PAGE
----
A feather on God's breath: Recovering our hearts

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A memory: I was 21, in Vietnam-era military police school, with 40 others in the hill country of central Texas. We were all exhausted, dirty and dispirited on a long march back from the pistol range. Suddenly one of our squad leaders started loudly singing, "Monday, Monday," a then-current hit from the folk-rock group The Mamas and the Papas.

To a man, we all took up the lyrics. Our drudgery shape-shifted into a make-it-up-as-you-go bugaloo down the gravel road. In a moment, fatigue-clad automatons were transformed into a spunky, badly harmonizing, ragtag assembly of uniquely peppy spirits with a whole new lease on life that day.

Another memory: While living on the West Coast, I was driving home in my battered little convertible across the Golden Gate Bridge The siren blast of a freighter outward bound for Capetown or Singapore duetted with the foghorns on the bridge's towers. Past the glittery bay-reflected lights of Sausalito, I saw ahead the pastel tiers of fog-stalked San Francisco looking ever so bedazzling like the Emerald City of Oz. Off to the right, the titanic, heaving mystery of the Pacific Ocean brooded in distant, cloud-shrouded darkness.

Chop, fry boil: Eating for one or for six billion

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Learning a cooking repertoire of three basic recipes can get anyone into the kitchen and beyond the realm of takeout food, microwaved popcorn and bologna sandwiches in a few days.

"Chop, Fry, Boil: Eating for One, or 6 Billion" is the latest entry in the Sustainable Living series in the New York Times, outlining three basic cooking recipes that can provide the basis for sustainable eating in the home.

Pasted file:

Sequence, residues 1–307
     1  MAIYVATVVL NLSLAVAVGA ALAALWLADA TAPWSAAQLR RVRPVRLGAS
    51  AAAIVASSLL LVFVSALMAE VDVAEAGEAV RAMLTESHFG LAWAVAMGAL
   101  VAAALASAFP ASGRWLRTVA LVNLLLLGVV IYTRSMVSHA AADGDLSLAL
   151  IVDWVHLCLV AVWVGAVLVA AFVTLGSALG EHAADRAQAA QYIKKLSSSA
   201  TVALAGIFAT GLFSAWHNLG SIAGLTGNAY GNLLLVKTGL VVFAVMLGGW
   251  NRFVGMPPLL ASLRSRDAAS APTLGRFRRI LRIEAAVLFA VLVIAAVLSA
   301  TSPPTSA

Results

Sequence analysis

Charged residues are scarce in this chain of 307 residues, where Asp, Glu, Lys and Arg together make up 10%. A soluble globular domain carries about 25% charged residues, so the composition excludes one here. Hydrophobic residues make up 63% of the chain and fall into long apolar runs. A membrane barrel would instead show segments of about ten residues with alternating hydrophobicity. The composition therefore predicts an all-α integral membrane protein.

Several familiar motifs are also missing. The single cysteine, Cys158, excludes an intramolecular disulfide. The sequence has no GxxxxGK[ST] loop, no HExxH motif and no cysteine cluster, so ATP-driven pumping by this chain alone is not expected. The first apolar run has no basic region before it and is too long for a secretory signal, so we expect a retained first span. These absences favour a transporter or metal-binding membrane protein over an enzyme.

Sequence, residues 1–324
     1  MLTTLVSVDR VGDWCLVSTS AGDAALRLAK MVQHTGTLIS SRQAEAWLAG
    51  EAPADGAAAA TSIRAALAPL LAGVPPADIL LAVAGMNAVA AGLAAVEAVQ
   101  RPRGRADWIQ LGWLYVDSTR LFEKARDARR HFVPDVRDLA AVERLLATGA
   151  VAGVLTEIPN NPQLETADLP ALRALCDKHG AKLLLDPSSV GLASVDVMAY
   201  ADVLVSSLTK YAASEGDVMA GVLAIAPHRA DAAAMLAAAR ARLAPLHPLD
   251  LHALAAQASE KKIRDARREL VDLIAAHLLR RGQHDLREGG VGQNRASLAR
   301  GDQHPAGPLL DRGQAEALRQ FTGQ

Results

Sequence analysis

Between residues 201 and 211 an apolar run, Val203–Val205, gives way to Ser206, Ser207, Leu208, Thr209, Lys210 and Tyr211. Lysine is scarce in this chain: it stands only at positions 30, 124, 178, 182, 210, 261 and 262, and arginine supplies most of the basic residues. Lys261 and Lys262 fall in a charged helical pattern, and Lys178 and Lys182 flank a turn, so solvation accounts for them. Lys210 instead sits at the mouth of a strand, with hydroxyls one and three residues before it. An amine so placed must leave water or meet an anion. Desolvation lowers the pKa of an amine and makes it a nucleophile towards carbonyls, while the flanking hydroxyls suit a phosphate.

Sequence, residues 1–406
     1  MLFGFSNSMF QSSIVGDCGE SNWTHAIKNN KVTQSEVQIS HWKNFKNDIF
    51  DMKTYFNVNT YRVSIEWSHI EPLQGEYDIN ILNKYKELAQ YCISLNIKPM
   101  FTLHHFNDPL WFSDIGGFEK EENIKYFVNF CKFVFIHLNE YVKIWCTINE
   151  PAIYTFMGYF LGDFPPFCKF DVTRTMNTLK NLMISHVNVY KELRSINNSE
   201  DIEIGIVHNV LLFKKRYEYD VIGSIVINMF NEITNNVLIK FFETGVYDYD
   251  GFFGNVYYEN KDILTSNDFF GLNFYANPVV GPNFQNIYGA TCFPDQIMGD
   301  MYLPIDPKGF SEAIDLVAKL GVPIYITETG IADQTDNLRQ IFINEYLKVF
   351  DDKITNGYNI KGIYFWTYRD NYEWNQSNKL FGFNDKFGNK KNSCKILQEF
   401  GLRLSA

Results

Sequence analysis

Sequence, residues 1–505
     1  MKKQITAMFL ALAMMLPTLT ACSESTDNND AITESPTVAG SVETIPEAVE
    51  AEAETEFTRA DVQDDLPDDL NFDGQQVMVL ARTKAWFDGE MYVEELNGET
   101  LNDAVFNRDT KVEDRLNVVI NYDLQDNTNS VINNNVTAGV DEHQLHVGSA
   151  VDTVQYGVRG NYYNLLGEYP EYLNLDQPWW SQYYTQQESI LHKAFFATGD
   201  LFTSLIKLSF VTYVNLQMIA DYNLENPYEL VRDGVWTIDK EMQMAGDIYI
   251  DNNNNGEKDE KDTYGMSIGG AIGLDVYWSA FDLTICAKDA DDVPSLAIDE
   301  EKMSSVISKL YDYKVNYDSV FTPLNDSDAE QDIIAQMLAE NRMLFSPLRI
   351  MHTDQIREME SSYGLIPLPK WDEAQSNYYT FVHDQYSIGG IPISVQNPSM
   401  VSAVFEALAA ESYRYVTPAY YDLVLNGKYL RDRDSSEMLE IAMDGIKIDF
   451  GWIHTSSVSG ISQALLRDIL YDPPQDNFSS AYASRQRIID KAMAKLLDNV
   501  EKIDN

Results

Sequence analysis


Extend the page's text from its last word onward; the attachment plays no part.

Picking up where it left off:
The puppet and the cricket: the value of silence

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I once interviewed Jay Taylor, director of spiritual formation for the Pentecostal Assemblies of God seminary in Springfield, Mo. His students had been spending some weekends at a remote Trappist monastery 70 miles from Springfield. Taylor said the formation team was not interested in creating monks but wanted its students to learn the importance of inward-directed spiritual disciplines.

The monastery’s Catholicism, its chanting, statues, icons, woolen robes, scapulars and incense, he said, were not as alien to the Pentecostal seminarians as the hushed quiet encountered there.

“It’s more than a little intimidating. It’s a shock when they experience their mind flying all over the place, hearing their inside chatter for what it is.”

Most of us live in a cacophonous world, and suffer for it in ways we’re not even aware of. Since the desert fathers and mothers in the early centuries, silence and a quiet mind have held an important place in the Catholic spiritual tradition.

Buddhists say the silence behind creation has a density to it, a physical-ness. It is teeming with possibility and potential. Silence is creative, healing and, most important, gives us wise counsel.

GM crops breed economic dependence, new form of slavery, says cardinal

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By Carol Glatz Catholic News Service